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Can COVID-19 spread in the womb or through breast milk? Study of 548 positive mothers found this

The study is being conducted by the Institute of Obstetrics and Gynaecology and Government Hospital for Women and Children in Egmore along with the King Institute in Guindy.

Published: 02nd November 2020 03:58 AM  |   Last Updated: 02nd November 2020 06:45 PM   |  A+A-

breast feeding, mother

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CHENNAI: The findings of an ongoing study on vertical transmission of Covid-19 being conducted by government hospital doctors in Chennai so far suggest that the possibility of transmission of the virus in utero or through breast milk is low.

The study is being conducted by the Institute of Obstetrics and Gynaecology and Government Hospital for Women and Children in Egmore along with the King Institute in Guindy. So far, samples of amniotic fluid, placenta swab, and breast milk drawn from 548 mothers with Covid as well as samples from umbilical cord blood and nasal swabs of their babies have been tested.

"The study was started to see if Covid spreads from mother to baby in-utero or through breast milk. On the day of the delivery, we take four samples for testing - amniotic fluid, placenta swab, baby’s nasal swab, and umbilical cord blood. On the third day we send a sample of the breast milk and another sample from the nasal swab of the baby," said Dr S Vijaya, Director, Institute of Obstetrics and Gynaecology, Egmore. The study, which was initiated in July with ethics committee clearance, will continue till the last Covid case is reported at the Institute. 

"Initially we thought to check if there is transmission through breast milk, but later decided to test all samples to rule out in utero transmission as well. We started getting positive pregnant patients only in the last week of April," she said.

According to Dr Vijaya, so far the breast milk sample from one patient, and the placenta swab from another patient have tested positive for the SARS-CoV2 virus that causes Covid. While three babies (unrelated to the mothers whose swabs were positive) tested positive for the virus on the first day, nasal swab tests on the third and fifth day were negative, she said.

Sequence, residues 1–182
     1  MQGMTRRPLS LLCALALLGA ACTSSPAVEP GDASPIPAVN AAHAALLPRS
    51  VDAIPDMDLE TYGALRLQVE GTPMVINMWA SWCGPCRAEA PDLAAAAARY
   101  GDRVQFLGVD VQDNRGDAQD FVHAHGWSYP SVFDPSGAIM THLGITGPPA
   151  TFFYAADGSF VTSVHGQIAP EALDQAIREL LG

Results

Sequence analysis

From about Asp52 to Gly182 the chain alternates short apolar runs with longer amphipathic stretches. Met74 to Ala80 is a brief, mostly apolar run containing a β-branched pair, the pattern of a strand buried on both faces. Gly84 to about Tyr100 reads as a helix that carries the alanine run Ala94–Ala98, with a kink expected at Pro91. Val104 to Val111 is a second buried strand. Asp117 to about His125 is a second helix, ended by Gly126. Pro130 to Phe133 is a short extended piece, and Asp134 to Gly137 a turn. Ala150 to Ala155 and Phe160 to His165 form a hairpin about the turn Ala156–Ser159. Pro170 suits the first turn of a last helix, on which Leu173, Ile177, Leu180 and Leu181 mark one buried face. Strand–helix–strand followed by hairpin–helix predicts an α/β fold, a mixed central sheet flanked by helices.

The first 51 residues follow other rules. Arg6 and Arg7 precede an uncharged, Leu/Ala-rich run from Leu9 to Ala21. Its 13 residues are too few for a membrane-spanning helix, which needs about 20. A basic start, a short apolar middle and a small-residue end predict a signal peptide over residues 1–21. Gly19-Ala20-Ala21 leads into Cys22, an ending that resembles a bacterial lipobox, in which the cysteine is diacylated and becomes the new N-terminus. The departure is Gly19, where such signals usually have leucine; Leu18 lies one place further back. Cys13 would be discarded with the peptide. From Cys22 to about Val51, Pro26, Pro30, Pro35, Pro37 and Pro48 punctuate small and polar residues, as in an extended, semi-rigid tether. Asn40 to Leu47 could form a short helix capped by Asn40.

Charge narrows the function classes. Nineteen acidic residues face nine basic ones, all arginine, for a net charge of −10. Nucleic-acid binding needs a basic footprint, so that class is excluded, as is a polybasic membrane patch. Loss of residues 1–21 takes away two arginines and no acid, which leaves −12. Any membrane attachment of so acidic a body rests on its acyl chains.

"Similarly, when we tested the breast milk and placenta of the two patients respectively on the fifth day it was negative. So, these could be cases of false positives, sample contamination or improper collection of samples," Dr Vijaya said.

"Unless we have a decent number of breast milk samples or placenta swabs testing positive, we won’t be able to say the transmission is happening through breast milk or in utero," she explained, adding that based on the findings so far the possibility of transmission through those routes seemed low. It may be noted that so far studies in other countries have also suggested that the possibility of such vertical transmission is low. 

While 46 babies tested positive for Covid on the third day, Dr Vijaya said, this suggested contact transmission rather than transmission in-utero or through breast milk. 
“In these cases, the mother may not have worn the mask properly so the baby could have acquired the infection," she said. 

So far the institute has handled 674 Covid pregnancy cases since April. Of them, samples from 548 mothers were tested with the remaining women either testing negative on the day of delivery or suffering miscarriages.



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